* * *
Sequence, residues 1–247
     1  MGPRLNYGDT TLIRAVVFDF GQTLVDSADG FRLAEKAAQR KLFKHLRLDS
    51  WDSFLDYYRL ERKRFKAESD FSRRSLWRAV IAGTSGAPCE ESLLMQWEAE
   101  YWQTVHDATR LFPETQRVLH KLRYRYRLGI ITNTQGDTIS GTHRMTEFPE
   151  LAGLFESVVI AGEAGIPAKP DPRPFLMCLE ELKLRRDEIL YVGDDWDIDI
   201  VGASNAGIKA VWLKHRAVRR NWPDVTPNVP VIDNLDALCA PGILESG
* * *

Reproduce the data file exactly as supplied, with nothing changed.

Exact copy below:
Sequence, residues 1–247
     1  MGPRLNYGDT TLIRAVVFDF GQTLVDSADG FRLAEKAAQR KLFKHLRLDS
    51  WDSFLDYYRL ERKRFKAESD FSRRSLWRAV IAGTSGAPCE ESLLMQWEAE
   101  YWQTVHDATR LFPETQRVLH KLRYRYRLGI ITNTQGDTIS GTHRMTEFPE
   151  LAGLFESVVI AGEAGIPAKP DPRPFLMCLE ELKLRRDEIL YVGDDWDIDI
   201  VGASNAGIKA VWLKHRAVRR NWPDVTPNVP VIDNLDALCA PGILESG